Saturday, August 15, 2009

The Creation Myth- Batman: Year One

We all know how Bruce Wayne became the Batman. If you’ve read a single Batman comic, watched any Batman movie or television program, perused any of my Batman related blog entries, or have heard anyone say practically anything about this strange hero—then you already know about how little Brucey’s parents were murdered in a stick up gone bad on Crime Alley from which he inherited the family fortune, mansion (Wayne Manor), and creepy old dude (Alfred) all things he uses to assist in his nightly vigilante quest to clean up a city that is already pretty much gone while posing as the spoiled billionaire playboy who has way too much time/money at way too young of an age. With all this “untouchable” material, Frank Miller set out to revamp this coming of age tale in the way he does everything—by making it dirtier, grittier, and more nihilistic.

And guess what. It kicks ass. Maybe not as much as DKR, but way more than his DK2.

The graphic novel tells more than just the origin of Batman, providing two other comic book character startups in its 80-something pages. In fact, as much as Miller’s work is about the Caped Crusader, it splits near equal time developing James Gordon’s character and how the young, new to Gotham detective becomes all chummy with Bats with their common goal of fighting corruption and taking down the seedy underworld. So here they both are, trying to clean up Gotham, “a city that likes being dirty,” but things are pretty much beyond fucked—the mob runs shit down at HQ, not Commissioner Loeb—so what Gotham needs right now is Serpico. And guess who fits that bill.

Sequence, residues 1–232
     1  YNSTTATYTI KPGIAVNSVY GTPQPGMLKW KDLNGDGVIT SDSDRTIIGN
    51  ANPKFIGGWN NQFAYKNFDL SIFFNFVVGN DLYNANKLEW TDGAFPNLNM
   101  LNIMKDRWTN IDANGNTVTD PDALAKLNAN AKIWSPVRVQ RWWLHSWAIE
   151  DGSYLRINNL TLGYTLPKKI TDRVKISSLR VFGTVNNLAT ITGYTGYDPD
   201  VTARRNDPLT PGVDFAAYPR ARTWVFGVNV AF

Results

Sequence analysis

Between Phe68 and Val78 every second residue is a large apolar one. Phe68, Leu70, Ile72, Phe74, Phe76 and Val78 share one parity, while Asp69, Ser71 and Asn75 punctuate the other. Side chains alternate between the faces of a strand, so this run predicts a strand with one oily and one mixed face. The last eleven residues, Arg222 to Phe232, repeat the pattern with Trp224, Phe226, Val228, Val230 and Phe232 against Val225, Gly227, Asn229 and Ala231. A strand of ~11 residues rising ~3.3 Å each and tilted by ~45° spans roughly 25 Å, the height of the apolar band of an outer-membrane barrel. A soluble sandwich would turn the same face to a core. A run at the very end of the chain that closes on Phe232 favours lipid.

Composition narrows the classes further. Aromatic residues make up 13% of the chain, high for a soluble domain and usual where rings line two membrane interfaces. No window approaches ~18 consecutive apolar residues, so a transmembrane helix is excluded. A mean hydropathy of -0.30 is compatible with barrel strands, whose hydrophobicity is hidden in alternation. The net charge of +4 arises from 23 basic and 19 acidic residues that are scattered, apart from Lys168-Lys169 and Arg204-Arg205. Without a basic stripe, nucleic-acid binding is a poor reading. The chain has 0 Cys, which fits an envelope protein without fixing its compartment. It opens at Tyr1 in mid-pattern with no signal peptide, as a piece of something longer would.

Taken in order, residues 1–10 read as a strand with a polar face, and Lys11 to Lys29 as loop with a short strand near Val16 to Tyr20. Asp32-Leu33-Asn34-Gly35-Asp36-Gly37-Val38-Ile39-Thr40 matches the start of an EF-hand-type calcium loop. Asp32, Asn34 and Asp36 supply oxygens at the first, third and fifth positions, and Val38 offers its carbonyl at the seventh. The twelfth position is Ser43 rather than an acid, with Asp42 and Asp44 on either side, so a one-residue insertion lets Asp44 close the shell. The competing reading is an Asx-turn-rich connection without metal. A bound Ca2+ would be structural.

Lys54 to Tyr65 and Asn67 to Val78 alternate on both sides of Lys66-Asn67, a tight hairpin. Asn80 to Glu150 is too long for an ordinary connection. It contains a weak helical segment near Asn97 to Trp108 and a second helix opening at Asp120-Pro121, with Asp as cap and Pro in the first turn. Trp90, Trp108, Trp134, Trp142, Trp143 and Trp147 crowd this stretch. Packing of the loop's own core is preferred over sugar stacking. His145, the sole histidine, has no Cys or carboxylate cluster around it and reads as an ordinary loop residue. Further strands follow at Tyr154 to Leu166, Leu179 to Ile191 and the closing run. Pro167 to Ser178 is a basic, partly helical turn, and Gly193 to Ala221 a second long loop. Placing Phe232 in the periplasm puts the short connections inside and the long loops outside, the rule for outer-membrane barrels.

This isn’t the inept Commissioner Gordon patrolman from the 60’s or goober from the pre-Christopher Nolan movies; no, he is the Gary Oldman rendition from the newer films—passionate, crusading, moral, etc. He is sort of like Batman without all the gadgets or tights. Almost Marvish (Sin City) in some ways.

But Gordon and Batman don’t start out as BFE as you would expect. His story arc takes us from Gordon trying to catch his vigilante counterpart and ends more or less with how this all team stuff comes to be and how he figures out both figuratively and literally who the man is behind the mask. Readers are given hints to the fact that Gordon has figured out Batman’s identity at a number places within the text. The most obvious of them is when Gordon goes to Wayne Manor with his wife to interrogate Bruce about being Batman, though he never comes right out and says this is the guy. Then in the closing of the graphic novel without his costume when Bruce saves Gordon’s baby boy who has been thrown off a bridge, Gordon who is standing three feet away from Bruce/Batman just staring at him tells him that “I’m practically blind without my glasses,” (95). Some may argue that Gordon was being literal here and was really unable to tell who the guy who saved his boy was, but those people are idiots, for it is clear that Gordon is giving him the go ahead while trying to remain inculpable with this denial. The point Miller makes here is to show how a straight arrow man with a badge “can come to justify a relationship with a violent vigilante fighting a personal war on crime.